WASHINGTON D.C. — Today, the Senate voted to pass a resolution of disapproval under the Congressional Review Act to reverse the Republican FCC’s 2017 Restoring Internet Freedom Order (RIFO). The measure, introduced by Sen. Ed Markey (D-MA) was supported by all 49 Democrats, plus three Republicans.
But neither the FCC’s 2015 decision to make broadband a common carrier service subject to Title II of the 1934 Communications Act nor the RIFO’s reversal of that decision qualify as “rules” under well-established, if complicated, administrative law; as adjudicatory “orders” rather than “rules,” neither is subject to reversal under the CRA. Thus, even if the CRA resolution is ultimately enacted, it will not affect the regulatory status of broadband, nor will it reinstate the previous FCC’s net neutrality rules. In fact, the CRA would repeal the transparency rule reissued in the RIFO, the only part of the 2015 Order maintained by the Republican FCC, and bar the FCC from ever enforcing any transparency rule, absent new legislation.
“In case there was any doubt, the Net Neutrality, Inc.™ political machine just made it crystal clear that they don’t actually care at all about net neutrality,” said TechFreedom President Berin Szóka. “If they did, they wouldn’t have dismissed concerns that their CRA resolution, far from requiring the FCC to restore net neutrality rules, would actually take the FCC off the net neutrality beat altogether. They had until June 12 to get a legal opinion from the General Accountability Office as to what their measure would do — but they just didn’t care, because the point has always been simply to keep fighting about an issue that no one really understands, but that makes Democrats look like the heroic saviors of the Internet.”
“If the CRA does pass, we’ll just spend years litigating over this, instead of finally putting net neutrality principles on clear legal footing with legislation,” continued Szóka. “Sadly, that seems to be precisely what the Net Neutrality, Inc.™ machine wants, since resolving the issue would put them out of business. The activist groups who brought us to today’s moronic vote have built careers and entire organizations on sustaining public outrage over what would otherwise be an easily resolvable issue. Meanwhile, there won’t be any net neutrality rules on the books at all. Fortunately, the sky won’t fall without the FCC’s transparency rule: the Federal Trade Commission will still be able to protect consumers — but only once a court makes clear that the CRA didn’t actually reimpose Title II, because the FTC has no jurisdiction over common carriers. It could take years to be resolve that question in court.”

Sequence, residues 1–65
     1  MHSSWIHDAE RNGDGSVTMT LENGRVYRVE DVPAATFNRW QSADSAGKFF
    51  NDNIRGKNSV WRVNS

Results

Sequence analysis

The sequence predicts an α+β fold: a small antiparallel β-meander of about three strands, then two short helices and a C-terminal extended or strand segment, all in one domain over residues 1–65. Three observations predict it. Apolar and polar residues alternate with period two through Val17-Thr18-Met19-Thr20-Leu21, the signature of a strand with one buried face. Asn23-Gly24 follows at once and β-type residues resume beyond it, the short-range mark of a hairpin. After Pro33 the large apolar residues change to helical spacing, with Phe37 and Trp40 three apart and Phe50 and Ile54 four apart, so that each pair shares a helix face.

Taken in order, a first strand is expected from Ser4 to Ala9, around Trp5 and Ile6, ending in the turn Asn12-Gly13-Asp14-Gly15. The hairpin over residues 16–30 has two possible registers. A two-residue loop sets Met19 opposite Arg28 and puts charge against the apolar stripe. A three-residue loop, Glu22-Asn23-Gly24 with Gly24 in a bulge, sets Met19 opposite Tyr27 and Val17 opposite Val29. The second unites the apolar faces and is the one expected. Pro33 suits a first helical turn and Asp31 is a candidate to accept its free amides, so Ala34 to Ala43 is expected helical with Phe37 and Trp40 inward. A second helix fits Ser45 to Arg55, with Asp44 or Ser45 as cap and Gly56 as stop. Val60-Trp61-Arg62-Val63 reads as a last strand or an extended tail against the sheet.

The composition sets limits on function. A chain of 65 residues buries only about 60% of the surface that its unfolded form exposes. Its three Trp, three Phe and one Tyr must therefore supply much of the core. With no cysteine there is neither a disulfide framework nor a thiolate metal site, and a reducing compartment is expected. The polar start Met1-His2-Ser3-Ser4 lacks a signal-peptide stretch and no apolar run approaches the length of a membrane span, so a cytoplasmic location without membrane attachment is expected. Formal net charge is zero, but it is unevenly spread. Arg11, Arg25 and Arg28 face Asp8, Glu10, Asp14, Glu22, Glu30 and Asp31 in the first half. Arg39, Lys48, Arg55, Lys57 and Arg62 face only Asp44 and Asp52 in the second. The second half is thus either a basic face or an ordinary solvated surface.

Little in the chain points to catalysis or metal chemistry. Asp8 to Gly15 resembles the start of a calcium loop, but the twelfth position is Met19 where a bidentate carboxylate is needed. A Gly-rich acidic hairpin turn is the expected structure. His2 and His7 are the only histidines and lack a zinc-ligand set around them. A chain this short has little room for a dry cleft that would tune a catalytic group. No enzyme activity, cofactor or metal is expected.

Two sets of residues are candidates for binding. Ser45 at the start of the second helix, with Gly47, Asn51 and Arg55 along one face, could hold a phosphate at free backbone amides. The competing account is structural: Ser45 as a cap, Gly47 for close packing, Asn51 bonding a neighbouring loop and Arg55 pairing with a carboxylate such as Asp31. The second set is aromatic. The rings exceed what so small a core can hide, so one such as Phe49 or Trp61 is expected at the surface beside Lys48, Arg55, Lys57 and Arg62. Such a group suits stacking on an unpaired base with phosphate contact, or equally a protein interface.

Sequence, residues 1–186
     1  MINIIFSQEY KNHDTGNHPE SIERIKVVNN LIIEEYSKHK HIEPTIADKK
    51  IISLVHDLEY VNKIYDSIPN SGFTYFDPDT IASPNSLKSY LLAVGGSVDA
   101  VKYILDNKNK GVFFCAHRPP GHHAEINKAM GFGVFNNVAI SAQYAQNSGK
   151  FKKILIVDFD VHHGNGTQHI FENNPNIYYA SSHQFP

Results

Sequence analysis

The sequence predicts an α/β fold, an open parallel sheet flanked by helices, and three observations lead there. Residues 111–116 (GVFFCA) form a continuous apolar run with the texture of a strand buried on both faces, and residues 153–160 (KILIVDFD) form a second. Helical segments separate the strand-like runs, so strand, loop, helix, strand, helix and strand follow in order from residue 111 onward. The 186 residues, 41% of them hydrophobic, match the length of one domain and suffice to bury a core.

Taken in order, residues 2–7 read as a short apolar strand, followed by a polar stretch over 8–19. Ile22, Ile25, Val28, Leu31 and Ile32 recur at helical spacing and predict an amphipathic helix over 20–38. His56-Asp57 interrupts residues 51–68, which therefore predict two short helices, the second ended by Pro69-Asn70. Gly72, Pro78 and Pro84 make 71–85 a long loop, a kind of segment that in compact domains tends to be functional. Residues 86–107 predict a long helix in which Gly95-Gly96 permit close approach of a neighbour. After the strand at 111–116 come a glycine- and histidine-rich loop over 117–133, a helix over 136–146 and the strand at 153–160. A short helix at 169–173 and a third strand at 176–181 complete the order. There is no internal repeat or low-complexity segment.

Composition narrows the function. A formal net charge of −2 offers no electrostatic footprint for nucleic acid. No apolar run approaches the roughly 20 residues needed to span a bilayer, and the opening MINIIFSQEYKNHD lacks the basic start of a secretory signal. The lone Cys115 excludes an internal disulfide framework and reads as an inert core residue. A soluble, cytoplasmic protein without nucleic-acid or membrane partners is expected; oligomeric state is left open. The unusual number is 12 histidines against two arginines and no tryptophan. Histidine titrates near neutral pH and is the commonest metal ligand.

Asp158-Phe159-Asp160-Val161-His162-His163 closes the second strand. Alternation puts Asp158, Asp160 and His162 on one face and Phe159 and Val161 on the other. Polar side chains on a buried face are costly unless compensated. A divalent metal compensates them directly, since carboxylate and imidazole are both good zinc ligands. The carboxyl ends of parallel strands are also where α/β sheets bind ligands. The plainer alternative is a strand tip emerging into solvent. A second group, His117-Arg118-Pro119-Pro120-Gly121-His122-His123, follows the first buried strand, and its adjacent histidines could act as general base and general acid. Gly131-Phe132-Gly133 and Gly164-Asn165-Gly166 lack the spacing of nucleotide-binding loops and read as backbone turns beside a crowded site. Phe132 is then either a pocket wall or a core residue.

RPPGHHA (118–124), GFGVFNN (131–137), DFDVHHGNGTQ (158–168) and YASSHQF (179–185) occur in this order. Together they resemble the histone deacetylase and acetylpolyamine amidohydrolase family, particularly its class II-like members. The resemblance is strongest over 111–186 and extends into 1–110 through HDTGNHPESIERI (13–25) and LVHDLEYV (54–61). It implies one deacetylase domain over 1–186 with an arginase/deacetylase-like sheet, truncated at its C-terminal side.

“If Republicans fear the political backlash for voting against the CRA in the House, they should fear the political consequences of the CRA passing even more,” concluded Szóka. “That would just kick the problem to the FCC and the courts, and Republicans will inevitably continue to be depicted as the villains. The only way out, politically, also happens to be the right thing to do: pass real net neutrality legislation, just as Republicans did in 2006, as Democrats tried to do in 2010, and as Republicans have offered to do since 2014. It’s time to stop waiting for Democrats to sign onto a bipartisan bill, and just pass a credible bill in the House. That will force the Senate to deal with the substance of this issue instead of playing cynical political games.”
- Our statement on the need for net neutrality legislation
- Our statement on the impact of a recent 9th Circuit decision on the FTC’s ability to enforce net neutrality rules
TechFreedom is a non-profit, non-partisan technology policy think tank. We work to chart a path forward for policymakers towards a bright future where technology enhances freedom, and freedom enhances technology.